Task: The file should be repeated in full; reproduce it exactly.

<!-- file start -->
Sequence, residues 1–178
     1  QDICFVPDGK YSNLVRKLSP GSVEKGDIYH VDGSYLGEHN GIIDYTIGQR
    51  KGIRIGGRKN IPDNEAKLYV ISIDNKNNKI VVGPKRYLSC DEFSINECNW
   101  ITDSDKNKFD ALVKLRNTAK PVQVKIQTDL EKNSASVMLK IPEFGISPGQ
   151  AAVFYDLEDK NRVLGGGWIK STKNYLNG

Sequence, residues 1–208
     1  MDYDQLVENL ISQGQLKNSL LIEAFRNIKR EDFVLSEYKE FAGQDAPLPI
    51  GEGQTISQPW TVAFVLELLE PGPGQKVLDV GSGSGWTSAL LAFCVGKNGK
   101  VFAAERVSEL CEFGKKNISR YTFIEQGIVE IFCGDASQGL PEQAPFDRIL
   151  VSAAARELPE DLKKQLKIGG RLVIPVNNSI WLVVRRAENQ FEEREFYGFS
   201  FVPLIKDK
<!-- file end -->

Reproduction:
Sequence, residues 1–178
     1  QDICFVPDGK YSNLVRKLSP GSVEKGDIYH VDGSYLGEHN GIIDYTIGQR
    51  KGIRIGGRKN IPDNEAKLYV ISIDNKNNKI VVGPKRYLSC DEFSINECNW
   101  ITDSDKNKFD ALVKLRNTAK PVQVKIQTDL EKNSASVMLK IPEFGISPGQ
   151  AAVFYDLEDK NRVLGGGWIK STKNYLNG

Sequence, residues 1–208
     1  MDYDQLVENL ISQGQLKNSL LIEAFRNIKR EDFVLSEYKE FAGQDAPLPI
    51  GEGQTISQPW TVAFVLELLE PGPGQKVLDV GSGSGWTSAL LAFCVGKNGK
   101  VFAAERVSEL CEFGKKNISR YTFIEQGIVE IFCGDASQGL PEQAPFDRIL
   151  VSAAARELPE DLKKQLKIGG RLVIPVNNSI WLVVRRAENQ FEEREFYGFS
   201  FVPLIKDK